JCPS chief wants to set the record straight about investigation of player's death

Published: Jan. 27, 2009 at 12:12 AM EST|Updated: Feb. 26, 2009 at 6:46 PM EST
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Dr. Sheldon Berman, JCPS Superintendent
Dr. Sheldon Berman, JCPS Superintendent
Max Gilpin (photo courtesy:
Max Gilpin (photo courtesy:
Jason Stinson
Jason Stinson

By Connie Leonard - bio | email
Posted by Charles Gazaway - email

LOUISVILLE, KY (WAVE) - Now that the police investigation is in the hands of the prosecutor, many people are wondering what's taking Jefferson County Public Schools so long to wrap up its investigation into the heat-related death of Pleasure Ridge Park football player Max Gilpin. With this case in the national spotlight, JCPS will continue to be under the microscope.

Dr. Sheldon Berman, JCPS superintendent, tells WAVE 3 News there are many misconceptions when it comes to the school system's investigation and he wants to clear them up.

After Gilpin's death and his coach, Jason Stinson, possibly facing jail time, JCPS Superintendent Dr. Sheldon Berman has many questions directed his way.

"It continues to be a traumatic year," said Berman of the situation.

First, there came complaints that JCPS investigators did not interview all the witnesses. To that, Berman answered, "Some people have indicated they were not interviewed directly. There was a spectator who said he was not interviewed, but we were in on that interview with the Louisville Metro Police Department."

Berman added that the school district wanted to give coaches, students and family time to grieve before beginning its probe and once LMPD got involved, they had to take a backseat.

Recently, Michele Crocket, Max's mother, stated in the media that she did not understand why the JCPS investigation was taking so long, especially since the police investigation was over. Berman says the district's investigators are waiting on police files because detectives had access to medical records and interviews they didn't.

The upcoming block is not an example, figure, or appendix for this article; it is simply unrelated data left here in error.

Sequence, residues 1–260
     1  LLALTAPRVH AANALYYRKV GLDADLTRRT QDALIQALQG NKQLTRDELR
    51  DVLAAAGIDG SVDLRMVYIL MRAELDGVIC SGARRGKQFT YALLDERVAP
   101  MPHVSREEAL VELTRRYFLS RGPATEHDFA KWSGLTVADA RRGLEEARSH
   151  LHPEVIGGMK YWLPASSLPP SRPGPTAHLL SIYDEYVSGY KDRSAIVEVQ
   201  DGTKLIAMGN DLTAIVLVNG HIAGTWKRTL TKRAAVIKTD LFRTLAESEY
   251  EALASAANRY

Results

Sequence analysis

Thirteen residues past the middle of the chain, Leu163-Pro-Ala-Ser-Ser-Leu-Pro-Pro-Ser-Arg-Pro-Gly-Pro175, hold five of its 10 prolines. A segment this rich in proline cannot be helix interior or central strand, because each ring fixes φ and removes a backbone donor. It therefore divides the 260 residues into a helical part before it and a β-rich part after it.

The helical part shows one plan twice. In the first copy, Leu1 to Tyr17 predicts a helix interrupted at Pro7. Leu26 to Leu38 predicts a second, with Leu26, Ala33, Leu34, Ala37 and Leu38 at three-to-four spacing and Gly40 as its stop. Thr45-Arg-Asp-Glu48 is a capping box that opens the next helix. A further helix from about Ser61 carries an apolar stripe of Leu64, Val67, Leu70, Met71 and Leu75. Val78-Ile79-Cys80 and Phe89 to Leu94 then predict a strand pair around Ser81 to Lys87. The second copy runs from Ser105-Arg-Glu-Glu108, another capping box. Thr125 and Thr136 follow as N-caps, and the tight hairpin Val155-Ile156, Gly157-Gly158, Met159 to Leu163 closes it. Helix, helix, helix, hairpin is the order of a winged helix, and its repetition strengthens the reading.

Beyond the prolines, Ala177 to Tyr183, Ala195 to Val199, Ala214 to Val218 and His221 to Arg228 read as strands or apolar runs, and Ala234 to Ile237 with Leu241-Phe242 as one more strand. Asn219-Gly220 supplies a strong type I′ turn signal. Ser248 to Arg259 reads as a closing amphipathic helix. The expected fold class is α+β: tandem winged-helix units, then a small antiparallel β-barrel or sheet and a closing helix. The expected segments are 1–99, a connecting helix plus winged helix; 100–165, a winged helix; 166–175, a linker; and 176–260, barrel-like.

"We're still waiting for most of those files," said Berman, who added that his investigators again requested those files after Monday's court arraignment of the coach.

Last week, Alex Dathorne, Stinson's criminal attorney, told WAVE 3's Scott Reynolds he did not believe JCPS had really looked into the coach's side of the story.

"To my knowledge, I don't believe anybody from the school board did an extensive interview with him, to my knowledge," said Dathorne during the January 23 interview.

That statement came after the deposition of Jerry Wyman, JCPS Director of Athletics, who stated he never interviewed the coach.  Berman says that was not an oversight.

"No, he is not an investigator," Berman said. "Let's be very clear; Jerry Wyman is not an investigator." He continued, "He was simply assigned or asked to check whether procedures had been followed and that's all that he did."

According to Berman, on August 21, 2008, the day after Max collapsed, it was Wyman's only job to get the temperature readings and heat index readings. Berman says Wyman is not part of the JCPS Security Department's investigative team.

When asked why was Stinson allowed to coach the PRP team all season after Max's death, but now has been pulled from the classroom, Berman told WAVE 3 that he was allowed to keep coaching and teaching until criminal charges came. At that point, Stinson was relocated.